to David Benjamin, Rayan Kanso, blink-dev, Brad Lassey, Chris Harrelson, Yoav Weiss, Rayan Kanso, Alex Russell
> but those use cases are already missed in the status quo without the API
Do they? I do not know the Android architecture, but is it possible for many native applications to run local servers in the background, therefore exposing always-on endpoints that can be accessed/detected by websites?
(Or am I missing the point of this privacy preserving discussion?)

(To be clear, I am pretty much against this API because I feel like it reveals too much about the user, even if it only reveals one application and can cause a website not to work because "the user should use the native application instead", but since the functionality is already apparently available now via the means I mentioned, I do not have a strong case against it.)

PhistucK


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Rayan Kanso

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Dec 12, 2019, 12:30:38 PM12/12/19
to PhistucK, David Benjamin, blink-dev, Brad Lassey, Chris Harrelson, Yoav Weiss, Rayan Kanso, Alex Russell
This is missing one more API owner LGTM. Can an owner either approve it, or provide some more feedback on the API?

Thanks,
~Rayan

Chris Harrelson

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Dec 12, 2019, 3:41:52 PM12/12/19
to Rayan Kanso, PhistucK, David Benjamin, blink-dev, Brad Lassey, Yoav Weiss, Rayan Kanso, Alex Russell
The API owners just discussed this Intent again. We still don't have full consensus on this API; the concerns raised on this thread seem legitimate.

We brainstormed a bit for further ways to restrict this API that reduce risk:

How about only allowing this API when called from an installed PWA? That would prevent sites from abuses such as trying to force users to install a native app in order to see website content, when viewed from a "drive-by web" page load. It would also reduce privacy risk in such scenarios.


Rayan Kanso

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Dec 13, 2019, 8:48:53 AM12/13/19
to Chris Harrelson, PhistucK, David Benjamin, blink-dev, Brad Lassey, Yoav Weiss, Rayan Kanso, Alex Russell
Hi Chris,

I went through the thread again and I'm not sure which concerns you're referring to. I published this FAQ doc with answers to all the privacy related questions I've been getting. Hopefully that should resolve the concerns.

How about only allowing this API when called from an installed PWA? That would prevent sites from abuses such as trying to force users to install a native app in order to see website content, when viewed from a "drive-by web" page load. It would also reduce privacy risk in such scenarios.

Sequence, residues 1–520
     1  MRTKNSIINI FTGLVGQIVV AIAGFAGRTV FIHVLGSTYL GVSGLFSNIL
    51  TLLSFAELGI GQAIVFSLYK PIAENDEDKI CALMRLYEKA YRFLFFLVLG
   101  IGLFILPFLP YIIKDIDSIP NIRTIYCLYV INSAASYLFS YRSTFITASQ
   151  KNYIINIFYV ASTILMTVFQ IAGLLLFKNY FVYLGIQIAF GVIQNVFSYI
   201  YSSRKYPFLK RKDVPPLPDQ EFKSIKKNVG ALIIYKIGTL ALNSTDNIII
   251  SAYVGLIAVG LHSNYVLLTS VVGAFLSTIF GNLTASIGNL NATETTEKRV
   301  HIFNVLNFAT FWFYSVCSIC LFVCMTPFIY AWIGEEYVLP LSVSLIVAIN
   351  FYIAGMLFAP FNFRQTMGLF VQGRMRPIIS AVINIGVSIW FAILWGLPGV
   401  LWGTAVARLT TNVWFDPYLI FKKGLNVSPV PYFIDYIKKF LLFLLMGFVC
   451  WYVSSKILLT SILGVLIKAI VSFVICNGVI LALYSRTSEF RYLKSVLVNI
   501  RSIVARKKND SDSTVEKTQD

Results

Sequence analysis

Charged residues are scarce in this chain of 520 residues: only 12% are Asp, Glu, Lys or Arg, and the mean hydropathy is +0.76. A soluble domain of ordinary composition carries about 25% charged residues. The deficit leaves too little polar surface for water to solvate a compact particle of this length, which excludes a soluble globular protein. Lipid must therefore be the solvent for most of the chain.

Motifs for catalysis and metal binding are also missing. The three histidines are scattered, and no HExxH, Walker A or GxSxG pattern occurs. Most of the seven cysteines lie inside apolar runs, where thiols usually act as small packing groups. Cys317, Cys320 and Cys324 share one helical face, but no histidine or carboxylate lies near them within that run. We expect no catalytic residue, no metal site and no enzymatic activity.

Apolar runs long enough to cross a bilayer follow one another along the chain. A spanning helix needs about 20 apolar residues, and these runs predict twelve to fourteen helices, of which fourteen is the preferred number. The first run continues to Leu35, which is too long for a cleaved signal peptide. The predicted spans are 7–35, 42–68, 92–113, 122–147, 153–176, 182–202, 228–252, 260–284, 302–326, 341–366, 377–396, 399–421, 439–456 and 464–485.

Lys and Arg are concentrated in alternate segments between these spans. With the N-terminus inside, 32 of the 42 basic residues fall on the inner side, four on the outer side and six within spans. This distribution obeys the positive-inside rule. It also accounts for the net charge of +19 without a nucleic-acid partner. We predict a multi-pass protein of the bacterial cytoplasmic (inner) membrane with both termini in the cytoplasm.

Having this API available only for installed PWAs would severely limit its functionality to the point where it is no longer useful. I'm not opposed to adding gates on the API (e.g. permission, engagement) as long as they solve any potential abuse concerns. With the top-level frame restriction in place, I don't think that's necessary. The FAQ doc covers the scenarios that have been brought up.

Thanks,
~Rayan 


Philip Jägenstedt

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Dec 18, 2019, 6:51:06 AM12/18/19
to Rayan Kanso, Chris Harrelson, PhistucK, David Benjamin, blink-dev, Brad Lassey, Yoav Weiss, Rayan Kanso, Alex Russell
Chris, I presume your LGTM2 stands, but do you have more details on "don't have full consensus on this API"?

Philip Jägenstedt

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Dec 18, 2019, 8:18:07 AM12/18/19
to Rayan Kanso, Chris Harrelson, PhistucK, David Benjamin, blink-dev, Brad Lassey, Yoav Weiss, Rayan Kanso, Alex Russell
I've gone ahead and reviewed the spec, short and sweet. I've filed some issues at https://github.com/WICG/get-installed-related-apps/issues and it would be good to go through all open issues and close the ones that are no longer relevant, so that it's clear what questions remain. It looks like a few would affect web-observable behavior of the bits already implemented, but I don't see anything that could likely affect the overall design.

Given that, I'm comfortable saying LGTM3, but as usualy if anyone has new issues it's not too late until web apps start to depend on this in significant numbers.

Chris Harrelson

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Dec 18, 2019, 6:33:25 PM12/18/19
to Philip Jägenstedt, Rayan Kanso, PhistucK, David Benjamin, blink-dev, Brad Lassey, Yoav Weiss, Rayan Kanso, Alex Russell
Yes it still stands. TL;DR there are now 3 LGTMs for this intent and it can proceed according to the launch process.

Re "don't have full consensus on this API": in the meeting, Daniel Bratell still had reservations about the API even with existing mitigations. I don't think there is much to add that he didn't already mention in his public email responses.

Daniel Bratell

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Dec 20, 2019, 12:10:47 PM12/20/19
to Chris Harrelson, Philip Jägenstedt, Rayan Kanso, PhistucK, David Benjamin, blink-dev, Brad Lassey, Yoav Weiss, Rayan Kanso, Alex Russell

Yes, you have the required approvals, and while I have some reservations, the process luckily doesn't require you to convince everyone in the world. Just keep an eye for misuse and if detected, see what's needed to avoid it.

/Daniel